Testosterone prescribing rates have increased substantially in the past decade. However, little is known about the context within which such prescriptions occur.Objective:
We evaluated provider- and site-level determinants of receipt of testosterone and of guideline-concordant testosterone prescribing.Design:
This study was cross-sectional in design.Setting:
This study was conducted at the Veterans Health Administration (VA).Participants:
Study participants were a national cohort of male patients who had received at least one outpatient prescription within the VA during fiscal year (FY) 2008 to FY 2012. A total of 38,648 providers and 130 stations were associated with these patients.Main Outcome Measure:
This study measured receipt of testosterone and guideline-concordant testosterone prescribing.Results:
Providers ranging in age from 31 to 60 years, with less experience in the VA [all adjusted odds ratio (AOR), <2; P < 0.01] and credentialed as medical doctors in endocrinology (AOR, 3.88; P < 0.01) and urology (AOR, 1.48; P < 0.01) were more likely to prescribe testosterone compared with older providers, providers of longer VA tenure, and primary care providers, respectively. Sites located in the West compared with the Northeast [AOR, 1.75; 95% confidence interval (CI), 1.45-2.11] and care received at a community-based outpatient clinic compared with a medical center (AOR, 1.22; 95% CI, 1.20-1.24) also predicted testosterone use. Although they were more likely to prescribe testosterone, endocrinologists were also more likely to obtain an appropriate workup before prescribing compared with primary care providers (AOR, 2.14; 95% CI, 1.54-2.97).Conclusions:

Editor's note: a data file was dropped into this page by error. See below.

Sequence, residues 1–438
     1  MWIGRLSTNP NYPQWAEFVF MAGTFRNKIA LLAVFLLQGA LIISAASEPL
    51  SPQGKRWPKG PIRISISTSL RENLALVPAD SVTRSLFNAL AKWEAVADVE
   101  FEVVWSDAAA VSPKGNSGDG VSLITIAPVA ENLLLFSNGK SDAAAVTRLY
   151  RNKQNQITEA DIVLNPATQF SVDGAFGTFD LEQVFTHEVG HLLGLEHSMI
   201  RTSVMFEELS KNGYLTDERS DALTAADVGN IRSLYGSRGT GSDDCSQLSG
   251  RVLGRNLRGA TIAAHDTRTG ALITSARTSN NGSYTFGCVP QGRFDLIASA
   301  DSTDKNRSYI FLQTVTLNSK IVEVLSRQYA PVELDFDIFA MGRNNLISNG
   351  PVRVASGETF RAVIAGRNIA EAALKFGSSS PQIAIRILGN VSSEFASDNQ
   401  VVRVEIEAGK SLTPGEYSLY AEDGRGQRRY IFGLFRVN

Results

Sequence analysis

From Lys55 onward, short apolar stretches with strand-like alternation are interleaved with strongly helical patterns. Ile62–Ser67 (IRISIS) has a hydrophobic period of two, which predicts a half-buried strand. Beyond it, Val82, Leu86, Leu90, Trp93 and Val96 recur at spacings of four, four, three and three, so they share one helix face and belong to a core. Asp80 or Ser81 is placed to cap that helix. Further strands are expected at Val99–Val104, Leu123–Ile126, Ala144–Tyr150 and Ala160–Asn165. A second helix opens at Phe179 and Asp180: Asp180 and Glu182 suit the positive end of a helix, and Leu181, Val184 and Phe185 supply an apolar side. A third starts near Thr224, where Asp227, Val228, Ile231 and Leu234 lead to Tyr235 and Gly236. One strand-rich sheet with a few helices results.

Our results highlight the opportunity to intervene at both the provider and the site levels to improve testosterone prescribing. This study also provides a useful example of how to examine contributions to prescribing variation at different levels of the health care system.